Thomas was in fact a devoted disciple, as much as the other disciples. It was Thomas who, upon the insistence of Jesus to go to Jerusalem for Lazarus, despite the Jewish leaders’ threats against him, voiced to the other disciples that they should go with him even to death (John 11:16). Thomas, like the other disciples, loved Jesus, and had given up everything to follow him: his family and friends, his security, his own will. Like the other disciples, and virtually every Jewish person in that day, he had a certain idea of how the Messiah was to fulfill the Scriptures. He believed Jesus to be this Messiah, and was more than willing to give up everything and follow him. He saw Jesus do miraculous things, including raise the dead; he heard him say things no one had ever said; he challenged the religious leaders, and loved those rejected by them. Thomas followed and believed Jesus for the years of his ministry, and was waiting for that day when the kingdom of Israel would be restored, and Jesus would be its King forever—
But then he died.
After Jesus was arrested in the garden, Thomas waited—as Jesus was tried, beaten, condemned and crucified, Thomas waited—for Jesus to do something miraculous. Thomas waited for him to call the legions of angels, to call upon God himself, to let him down from the cross and show the Romans, the Jewish leaders and all the people who he really was… but he didn’t. He died.
Days later, when the other disciples came and announced that they had seen Jesus alive, Thomas felt he couldn’t afford to hope in so great a thing, and determined he should see the Lord for himself before he ever believed again.
Now Thomas, one of the Twelve, called the Twin, was not with them when Jesus came. So the other disciples told him, “We have seen the Lord.” But he said to them, “Unless I see in his hands the mark of the nails, and place my finger into the mark of the nails, and place my hand into his side, I will never believe.” Eight days later, his disciples were inside again, and Thomas was with them. Although the doors were locked, Jesus came and stood among them and said, “Peace be with you.” Then he said to Thomas, “Put your finger here, and see my hands; and put out your hand, and place it in my side. Do not disbelieve, but believe.” Thomas answered him, “My Lord and my God!” Jesus said to him, “Have you believed because you have seen me? Blessed are those who have not seen and yet have believed.” (John 20:24-29 ESV)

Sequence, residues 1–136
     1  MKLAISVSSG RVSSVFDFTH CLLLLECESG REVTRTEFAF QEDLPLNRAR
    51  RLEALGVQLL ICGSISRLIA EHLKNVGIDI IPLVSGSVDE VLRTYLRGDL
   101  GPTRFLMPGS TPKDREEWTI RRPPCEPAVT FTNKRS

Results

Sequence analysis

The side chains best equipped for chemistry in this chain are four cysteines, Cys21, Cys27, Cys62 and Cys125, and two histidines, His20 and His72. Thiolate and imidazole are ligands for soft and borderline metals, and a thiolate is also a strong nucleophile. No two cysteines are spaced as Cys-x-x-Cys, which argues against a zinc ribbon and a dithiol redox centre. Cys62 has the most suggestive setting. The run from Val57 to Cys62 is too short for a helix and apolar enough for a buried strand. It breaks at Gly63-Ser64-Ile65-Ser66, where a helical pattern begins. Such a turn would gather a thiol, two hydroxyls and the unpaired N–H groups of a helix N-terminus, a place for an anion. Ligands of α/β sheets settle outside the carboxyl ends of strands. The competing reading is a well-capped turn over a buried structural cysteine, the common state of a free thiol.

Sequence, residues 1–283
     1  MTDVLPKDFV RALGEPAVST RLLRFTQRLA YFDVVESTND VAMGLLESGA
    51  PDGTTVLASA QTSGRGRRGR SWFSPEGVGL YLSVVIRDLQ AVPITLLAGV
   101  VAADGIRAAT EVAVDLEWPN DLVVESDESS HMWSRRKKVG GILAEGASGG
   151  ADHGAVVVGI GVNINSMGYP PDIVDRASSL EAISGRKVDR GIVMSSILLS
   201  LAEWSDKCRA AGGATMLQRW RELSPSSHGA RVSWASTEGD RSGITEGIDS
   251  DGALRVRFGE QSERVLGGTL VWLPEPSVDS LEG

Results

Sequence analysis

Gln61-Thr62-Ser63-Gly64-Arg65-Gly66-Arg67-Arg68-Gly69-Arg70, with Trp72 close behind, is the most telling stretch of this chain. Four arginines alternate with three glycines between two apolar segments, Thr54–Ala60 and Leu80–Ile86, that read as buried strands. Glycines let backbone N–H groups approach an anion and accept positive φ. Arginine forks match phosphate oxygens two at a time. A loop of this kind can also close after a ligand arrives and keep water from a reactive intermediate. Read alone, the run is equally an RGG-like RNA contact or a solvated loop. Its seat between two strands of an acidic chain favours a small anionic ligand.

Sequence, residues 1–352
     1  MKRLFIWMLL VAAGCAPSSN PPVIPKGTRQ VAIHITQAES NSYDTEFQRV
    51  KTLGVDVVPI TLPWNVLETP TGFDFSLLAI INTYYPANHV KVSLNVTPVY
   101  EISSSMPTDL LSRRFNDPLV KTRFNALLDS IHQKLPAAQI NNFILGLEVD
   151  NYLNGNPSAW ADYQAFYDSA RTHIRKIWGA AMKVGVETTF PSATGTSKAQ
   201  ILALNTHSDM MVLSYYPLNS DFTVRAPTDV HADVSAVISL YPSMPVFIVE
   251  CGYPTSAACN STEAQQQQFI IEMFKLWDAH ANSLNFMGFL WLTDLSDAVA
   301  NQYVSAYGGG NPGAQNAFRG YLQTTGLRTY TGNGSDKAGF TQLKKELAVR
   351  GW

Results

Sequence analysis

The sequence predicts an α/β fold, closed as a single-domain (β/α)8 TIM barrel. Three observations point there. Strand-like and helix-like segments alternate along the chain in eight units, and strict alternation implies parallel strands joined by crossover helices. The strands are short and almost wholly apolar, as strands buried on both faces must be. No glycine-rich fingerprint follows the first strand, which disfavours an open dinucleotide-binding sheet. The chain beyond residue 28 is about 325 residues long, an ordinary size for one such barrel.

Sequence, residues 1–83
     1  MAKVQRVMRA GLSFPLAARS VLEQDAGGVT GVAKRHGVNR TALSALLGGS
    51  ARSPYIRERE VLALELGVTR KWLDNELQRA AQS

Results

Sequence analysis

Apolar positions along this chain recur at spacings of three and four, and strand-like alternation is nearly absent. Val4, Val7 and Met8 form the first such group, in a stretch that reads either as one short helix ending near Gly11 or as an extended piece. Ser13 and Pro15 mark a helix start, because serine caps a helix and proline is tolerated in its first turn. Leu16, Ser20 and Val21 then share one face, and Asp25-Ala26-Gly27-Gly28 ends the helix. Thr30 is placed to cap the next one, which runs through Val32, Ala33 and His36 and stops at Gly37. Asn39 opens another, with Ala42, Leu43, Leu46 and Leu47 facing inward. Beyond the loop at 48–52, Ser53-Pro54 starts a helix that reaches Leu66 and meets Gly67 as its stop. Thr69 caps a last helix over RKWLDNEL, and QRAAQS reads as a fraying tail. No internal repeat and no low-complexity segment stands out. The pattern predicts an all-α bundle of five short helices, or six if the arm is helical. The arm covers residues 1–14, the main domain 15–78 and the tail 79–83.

The end of this passage is often quoted to chastise the doubting. After all the years Thomas had followed Jesus—known him, loved him, believed in him and given up everything for him—he died. Thomas’ heart and spirit were utterly broken, and he felt like he had nothing left—certainly not hope. It was out of despair that Thomas feared to believe in so great a thing as the resurrection of his beloved rabbi and savior. And it was out of compassion, and not condemnation, Jesus answered Thomas’ heart, because Jesus knew his heart.
Perhaps you’re in a place where you feel God has left you high and dry, where every promise of His you’ve ever believed has come to naught, and you feel you can’t trust to hope that anything will ever change for the better. Maybe you’re out upon the waters and your feet are failing, and you’re afraid to cry out to God, for fear or shame or downright despair. Remember it was He who called you out upon the waves, and whom you believed enough to go. You can cry out to Him, without fear of condemnation, “I believe! But help me in my unbelief!” Because God knows the heart can only take so much, He is always there to heal the cracks and wounds, to soften it, and to fill it and fill it again. He loves us always, always believes in us that we are and can become more of the person He made us to be. When your eyes have been on the waves so long that you’ve forgotten His love, He will not hesitate to show it to you again, and to embrace you with those hands that bear the scars of it. So do not disbelieve, but believe.
^ This video is here on purpose, enjoy! ^